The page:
“My father died when I was six or seven,” Cass continued. “So when we moved out of the city [Philadelphia] there were six kids in a taxi cab, so you know we didn’t bring anything. My mom used to save all these scraps of material and put them in the attic and say, ‘One of these days I’m gonna make a quilt.’ Years went by. 40 years ago, I went up in her attic and said, ‘Mom, I’m gonna take some of this fabric.’”
Cass rummaged through the scraps and recognized kitchen curtains, her brother’s white shirt that he always wore with black chinos, her mother’s apron. She created a family portrait using the apron material as her mother’s dress, and fabric hand-picked by her sisters. “It is the ugliest quilt,” she said, smiling. “But everyone could pick out the fabric and say, ‘I remember this or that.’”
“I had an old sewing machine and moved into an apartment with my daughter after my divorce,” Cass said. “I had no money, and I had to make curtains for 12-foot ceilings. There was a guy down the street selling fabric for $1/yard, he told me how to make the pleats. I had a ski suit and no money to ski, so I traded the ski suit for a Singer sewing machine. It was an aqua blue Singer, I just gave it to my great niece.”
I was struck by the way that the craft endured through the generations—how these women held fast to the traditions of their mothers, aunts, and grandmothers. How they gathered to nurture their pasts and presents and passed their futures on through their creations, many of which take years of work.
“A lot of people don’t understand how much time goes into a quilt,” said Janet. “The fabric alone is expensive now, you buy fabric and cut it all up in pieces and put it back together. People who don’t quilt don’t understand why it costs so much for a handmade quilt.”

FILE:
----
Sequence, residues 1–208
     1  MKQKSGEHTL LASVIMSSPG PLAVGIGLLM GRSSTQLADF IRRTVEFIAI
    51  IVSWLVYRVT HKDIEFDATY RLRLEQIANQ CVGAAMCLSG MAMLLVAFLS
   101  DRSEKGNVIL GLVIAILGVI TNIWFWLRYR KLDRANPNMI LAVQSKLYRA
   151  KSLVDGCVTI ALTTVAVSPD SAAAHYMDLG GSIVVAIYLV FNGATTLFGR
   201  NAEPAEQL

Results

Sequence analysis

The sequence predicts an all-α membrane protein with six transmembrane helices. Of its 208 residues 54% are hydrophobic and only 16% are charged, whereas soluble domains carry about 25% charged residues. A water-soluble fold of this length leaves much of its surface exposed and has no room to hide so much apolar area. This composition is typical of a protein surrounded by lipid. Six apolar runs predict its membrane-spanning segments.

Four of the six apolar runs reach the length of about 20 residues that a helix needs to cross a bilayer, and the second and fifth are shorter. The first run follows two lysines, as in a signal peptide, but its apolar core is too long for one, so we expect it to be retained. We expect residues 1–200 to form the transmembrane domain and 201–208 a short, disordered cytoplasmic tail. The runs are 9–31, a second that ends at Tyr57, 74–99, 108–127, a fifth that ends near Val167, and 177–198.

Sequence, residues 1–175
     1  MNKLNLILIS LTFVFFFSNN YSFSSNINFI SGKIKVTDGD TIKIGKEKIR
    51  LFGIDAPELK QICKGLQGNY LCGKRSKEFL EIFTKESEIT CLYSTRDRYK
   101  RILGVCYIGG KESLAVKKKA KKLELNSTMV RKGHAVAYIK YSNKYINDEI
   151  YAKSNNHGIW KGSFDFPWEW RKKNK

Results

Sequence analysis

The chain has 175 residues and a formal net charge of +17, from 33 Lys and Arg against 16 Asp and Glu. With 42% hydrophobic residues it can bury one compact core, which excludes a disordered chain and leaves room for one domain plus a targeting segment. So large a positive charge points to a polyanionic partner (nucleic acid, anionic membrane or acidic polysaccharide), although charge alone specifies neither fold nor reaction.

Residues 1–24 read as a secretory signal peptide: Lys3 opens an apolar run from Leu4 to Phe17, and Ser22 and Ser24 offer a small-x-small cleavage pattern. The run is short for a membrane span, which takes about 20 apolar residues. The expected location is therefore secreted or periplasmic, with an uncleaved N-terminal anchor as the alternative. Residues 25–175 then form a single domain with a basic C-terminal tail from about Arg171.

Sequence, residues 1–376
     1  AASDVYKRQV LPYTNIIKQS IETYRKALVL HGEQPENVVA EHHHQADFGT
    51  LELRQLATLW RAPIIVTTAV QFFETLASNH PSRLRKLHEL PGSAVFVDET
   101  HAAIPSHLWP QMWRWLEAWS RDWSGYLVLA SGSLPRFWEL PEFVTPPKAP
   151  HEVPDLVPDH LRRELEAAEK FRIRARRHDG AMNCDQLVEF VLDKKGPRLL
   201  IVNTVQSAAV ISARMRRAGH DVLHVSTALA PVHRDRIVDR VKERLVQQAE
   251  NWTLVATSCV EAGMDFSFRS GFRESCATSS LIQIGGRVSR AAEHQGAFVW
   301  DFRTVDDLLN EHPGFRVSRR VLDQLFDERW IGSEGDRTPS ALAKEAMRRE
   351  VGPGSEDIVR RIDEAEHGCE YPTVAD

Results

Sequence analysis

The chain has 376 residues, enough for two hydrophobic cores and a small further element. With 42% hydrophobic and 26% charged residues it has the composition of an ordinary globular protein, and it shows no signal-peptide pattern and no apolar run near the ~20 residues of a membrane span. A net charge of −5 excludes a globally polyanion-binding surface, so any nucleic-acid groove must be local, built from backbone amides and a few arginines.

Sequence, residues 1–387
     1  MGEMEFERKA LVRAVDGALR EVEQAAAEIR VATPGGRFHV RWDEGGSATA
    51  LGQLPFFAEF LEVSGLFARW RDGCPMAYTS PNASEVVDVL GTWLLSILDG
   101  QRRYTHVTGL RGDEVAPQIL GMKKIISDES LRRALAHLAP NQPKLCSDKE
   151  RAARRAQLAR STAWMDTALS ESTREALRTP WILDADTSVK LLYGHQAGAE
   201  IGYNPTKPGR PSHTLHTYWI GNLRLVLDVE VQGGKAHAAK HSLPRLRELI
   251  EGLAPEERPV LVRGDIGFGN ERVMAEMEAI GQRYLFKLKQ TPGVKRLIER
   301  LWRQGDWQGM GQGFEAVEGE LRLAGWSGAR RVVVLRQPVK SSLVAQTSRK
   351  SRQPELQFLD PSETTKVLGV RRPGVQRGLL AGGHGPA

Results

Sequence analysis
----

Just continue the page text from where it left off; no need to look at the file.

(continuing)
“If someone ever gives you a quilt, don’t tell them, ‘Thank you for the blanket,’” said Penny, setting off knowing laughter among the women.
“What I’ve enjoyed about the quilts I’ve given to grandkids, nephews, and now grandnephews is I’ve sent them a quilt and said, ‘Don’t hang it on the wall, please, use it.’” Janet said. “When I went to see my sister’s kids, they got out their quilts and they made tents out of them. They have holes in them, they’re faded, they’ve been washed. They’ve been loved. That’s what I love about it.”
During COVID, the group continued their weekly gatherings on Zoom; that’s how Gina compiled the selfies needed for each portrait in her quilt. I gathered the women for a photo beneath Gina’s rendering and wondered who would inherit it and continue to tell and build upon the story of The Hazmats.
“As the Hazmats members change over time, I hope memories and traditions will continue to be passed down,” Gina said. “Right now, I am the youngest member and cherish all the life and love that these ladies have to offer. …It is very common that when a quilter passes that her fabrics, machines, and quilts in progress are offered to her quilting friends or a local guild. We hope that someone else will find joy and use of those patterns and items that were chosen with such care and that the heritage lives on. For now, I can’t imagine parting with this quilt that I enjoy every day, but I am confident that it will stay with someone who loves the art and community of quilting.”
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Pat was my Nana. Your writing brought happy tears to my eyes. You painted such a beautiful picture of the community these ladies share. While I don’t know all of them personally I have heard their names in stories by her many times and even remember curling up in her sunroom admiring and studying their handiwork on days when she hosted the quilting group. It is ironic that last night I was sitting at my dining room table as a grown woman playing with quilt blocks she gave me as a child, trying to work out a plan for a quilt I’d like to make with her machine that I’ve inherited. The lessons she taught me in sewing and in life are invaluable. Thank you so much for paying tribute to decades of hard work, friendship, and this beautiful craft. - Megan
Absolutely wonderful story. Please keep roaming around finding quilters and knitters to interview! The photos were gorgeous!